Novelizations are on the same level of canon as any other tie-in novel. The fact that they're based on the script as a movie or an older version of the script doesn't make a difference. In his novelizations Alan Dean Foster changed almost every piece of dialogue, making it longer and more literary-sounding. There are also numerous plot deviations. For example, in the Alien novelization they find the singal transmitter and never see the Space Jockey, in the Aliens novelization Bishop never does the knife trick and in the Alien 3 novelization the ox replaces the dog and Dillon gets out before the lead is poured in.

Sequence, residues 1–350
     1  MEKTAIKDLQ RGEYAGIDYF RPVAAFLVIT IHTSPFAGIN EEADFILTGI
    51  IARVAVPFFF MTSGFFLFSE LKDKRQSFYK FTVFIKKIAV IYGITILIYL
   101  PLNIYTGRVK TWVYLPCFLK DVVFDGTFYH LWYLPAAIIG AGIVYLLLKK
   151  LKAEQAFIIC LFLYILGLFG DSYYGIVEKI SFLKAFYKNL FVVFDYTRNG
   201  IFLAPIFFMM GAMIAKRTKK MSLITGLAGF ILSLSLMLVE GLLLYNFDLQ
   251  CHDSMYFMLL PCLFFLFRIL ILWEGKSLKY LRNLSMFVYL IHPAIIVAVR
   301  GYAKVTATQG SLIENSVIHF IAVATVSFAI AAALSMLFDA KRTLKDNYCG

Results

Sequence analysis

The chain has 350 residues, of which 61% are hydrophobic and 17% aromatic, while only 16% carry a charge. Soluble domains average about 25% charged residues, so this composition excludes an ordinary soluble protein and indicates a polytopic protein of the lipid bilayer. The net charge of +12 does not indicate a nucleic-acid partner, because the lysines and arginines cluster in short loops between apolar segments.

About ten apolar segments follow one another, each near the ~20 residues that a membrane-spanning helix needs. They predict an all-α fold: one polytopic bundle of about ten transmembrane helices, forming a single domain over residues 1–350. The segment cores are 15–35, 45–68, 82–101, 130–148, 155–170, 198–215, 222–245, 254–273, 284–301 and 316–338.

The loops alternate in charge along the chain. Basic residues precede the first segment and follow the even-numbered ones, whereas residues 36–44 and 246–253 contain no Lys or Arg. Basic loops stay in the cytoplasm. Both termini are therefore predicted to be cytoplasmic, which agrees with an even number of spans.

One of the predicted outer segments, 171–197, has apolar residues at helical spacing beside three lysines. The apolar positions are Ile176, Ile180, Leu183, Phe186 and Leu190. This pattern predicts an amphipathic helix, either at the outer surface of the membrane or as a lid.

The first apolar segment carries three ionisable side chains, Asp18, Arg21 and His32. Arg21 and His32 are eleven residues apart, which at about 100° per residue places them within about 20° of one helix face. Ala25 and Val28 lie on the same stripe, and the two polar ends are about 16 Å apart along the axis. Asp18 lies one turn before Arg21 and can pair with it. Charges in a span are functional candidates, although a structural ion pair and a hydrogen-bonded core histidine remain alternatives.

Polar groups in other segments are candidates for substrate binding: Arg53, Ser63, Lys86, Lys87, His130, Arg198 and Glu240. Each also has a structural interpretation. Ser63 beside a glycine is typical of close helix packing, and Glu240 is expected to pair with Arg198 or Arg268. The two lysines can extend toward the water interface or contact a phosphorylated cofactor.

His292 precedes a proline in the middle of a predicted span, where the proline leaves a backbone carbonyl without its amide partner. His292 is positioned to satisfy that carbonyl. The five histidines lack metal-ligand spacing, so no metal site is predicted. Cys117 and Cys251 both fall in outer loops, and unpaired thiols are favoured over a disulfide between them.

The Alien Resurrection is the most faithful to the movie but even it clearly isn't based on the final draft of the script. Important pieces of dialogue are missing or changed, some scenes are in the wrong order, there are 20 aliens instead of 12 and some of the action scenes happen differently.
I've also heard that in the Predator novelization the Predator was some kind shapeshifter and even had the power to control animals, although I'm not sure this is true.
The AVP novelizations is different from the movie in every way. There are too many differences to mention. The most obvious one is that there are 5 Predators. At the end of the book, hundreds of aliens show up from nowhere.
Some people like to include elements of a contradictory story into their personal canon while leaving out other elements. I do this myself when it comes to things like encyclopedias or technical manuals but novels don't have any 'elements'; they are one whole story that can only be read from beginning to end. It can't be separated into elements in any logical way.